The sweeping changes that Israel has made in the West Bank prevent any real possibility for Palestinian self-determination and the establishment of an independent, viable Palestinian state there. The key to resolving the issue is to restore the Palestinan people’s rights and give them their homeland back. This is only possible in one state for all those peoples to live in equality, whatever their religion or beliefs. Any other purported solution for the region is futile, unworkable and unrealistic.

Steven Katsineris
Hurstbridge, Vic
(Abridged)

DSP & Palestinian resistance

I read with surprise on the Democratic Socialist Perspective’s Links website that DSP national committee member Tim Gooden is publicly advocating a soft-Zionist position regarding the war crimes committed by Israel against the population of the Gaza Strip.

Links website uncritically reposted a January 9 Geelong Advertiser article quoting Gooden as saying “he did not condone the [Palestinian resistance’s] rocket attacks, but said the Israeli response was out of proportion”. So Gooden does not “condone” the Palestinians’ methods of armed resistance to the Zionists’ armed colonisation of the Palestinian’s national homeland? Does Gooden believe the Palestinians only have the right to defend themselves if this is done in a manner that does not offend Gooden’s liberal sensibilities?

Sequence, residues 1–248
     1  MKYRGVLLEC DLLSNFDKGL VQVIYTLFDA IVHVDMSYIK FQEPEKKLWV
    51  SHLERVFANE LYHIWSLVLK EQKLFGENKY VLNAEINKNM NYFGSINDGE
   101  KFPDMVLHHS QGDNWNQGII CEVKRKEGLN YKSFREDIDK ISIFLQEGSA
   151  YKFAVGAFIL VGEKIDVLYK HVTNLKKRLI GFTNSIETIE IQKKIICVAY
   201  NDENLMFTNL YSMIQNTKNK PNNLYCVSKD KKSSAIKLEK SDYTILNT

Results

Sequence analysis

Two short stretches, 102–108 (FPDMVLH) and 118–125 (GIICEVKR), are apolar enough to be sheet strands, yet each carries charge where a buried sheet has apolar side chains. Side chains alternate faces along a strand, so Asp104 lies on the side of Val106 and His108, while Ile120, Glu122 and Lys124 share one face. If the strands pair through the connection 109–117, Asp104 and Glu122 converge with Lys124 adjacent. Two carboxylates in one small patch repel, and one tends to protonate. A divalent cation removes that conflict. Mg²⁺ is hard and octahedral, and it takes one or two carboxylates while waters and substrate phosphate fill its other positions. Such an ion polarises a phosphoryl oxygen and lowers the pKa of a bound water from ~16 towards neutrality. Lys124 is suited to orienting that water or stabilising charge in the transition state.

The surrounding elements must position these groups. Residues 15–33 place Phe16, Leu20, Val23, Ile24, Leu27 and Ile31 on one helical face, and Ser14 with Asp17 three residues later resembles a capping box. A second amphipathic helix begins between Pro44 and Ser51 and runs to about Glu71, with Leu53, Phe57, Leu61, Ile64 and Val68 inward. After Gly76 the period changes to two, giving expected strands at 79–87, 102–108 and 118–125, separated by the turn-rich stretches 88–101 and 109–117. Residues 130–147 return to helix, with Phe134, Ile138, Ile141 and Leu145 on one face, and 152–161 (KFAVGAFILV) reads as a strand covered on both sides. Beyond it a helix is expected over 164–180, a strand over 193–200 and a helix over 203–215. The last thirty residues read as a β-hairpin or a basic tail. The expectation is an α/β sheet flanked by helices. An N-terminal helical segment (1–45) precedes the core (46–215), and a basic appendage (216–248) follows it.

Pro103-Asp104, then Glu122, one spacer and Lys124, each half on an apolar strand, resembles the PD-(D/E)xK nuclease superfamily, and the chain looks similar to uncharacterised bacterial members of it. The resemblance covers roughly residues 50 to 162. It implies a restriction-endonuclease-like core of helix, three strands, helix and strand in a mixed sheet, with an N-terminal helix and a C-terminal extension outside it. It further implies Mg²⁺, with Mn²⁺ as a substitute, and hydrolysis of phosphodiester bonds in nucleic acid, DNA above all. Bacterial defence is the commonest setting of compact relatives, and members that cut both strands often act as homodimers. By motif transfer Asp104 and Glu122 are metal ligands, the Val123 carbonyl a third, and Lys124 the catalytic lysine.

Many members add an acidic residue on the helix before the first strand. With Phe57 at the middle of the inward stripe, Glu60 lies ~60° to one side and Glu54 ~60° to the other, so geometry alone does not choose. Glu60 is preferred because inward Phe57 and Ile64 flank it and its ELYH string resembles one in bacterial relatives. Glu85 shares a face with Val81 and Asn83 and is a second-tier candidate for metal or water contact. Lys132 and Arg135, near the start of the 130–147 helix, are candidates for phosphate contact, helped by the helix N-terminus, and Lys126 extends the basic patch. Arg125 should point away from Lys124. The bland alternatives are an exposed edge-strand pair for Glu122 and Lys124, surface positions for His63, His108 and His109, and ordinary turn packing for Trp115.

Do Gooden’s misgivings derive from fears, peddled by the Australian capitalist media, that Palestinian resistance fighters in Gaza are targeting Israeli civilians? According to the Palestinian resistance, both religious and secular, they are firing at a military power that continues to oppress and dispossess their nation. And how does one differentiate between civilian and military targets when most of the Israeli adult population is either active or reserve members of the Israeli military forces?

By condemning Israel’s “disproportionate response”, Gooden lines up with any number of left-Zionist or liberal apologists for Israel. Just what is a proportionate response? Maintaining the siege of Gaza? Assassinating Hamas leaders?

Gooden’s haste to appear “even-handed” becomes quite comical when he declares that “No one condones what Hamas does, and there are plenty of Muslims that are opposed to fundamentalism”. Well as his own organisation’s paper, Green Left Weekly, points out in its January 7 edition that Hamas “won control of the Palestinian Authority in the 2006 democratic elections”. So the majority of the Palestinian electorate “condones what Hamas does”.

Gooden’s opportunist accommodation to the Australian capitalist media’s attempts to demonise Hamas as religious fanatics simply plays into the capitalist media’s attempts to discredit the Palestinian people’s heroic struggle for national liberation.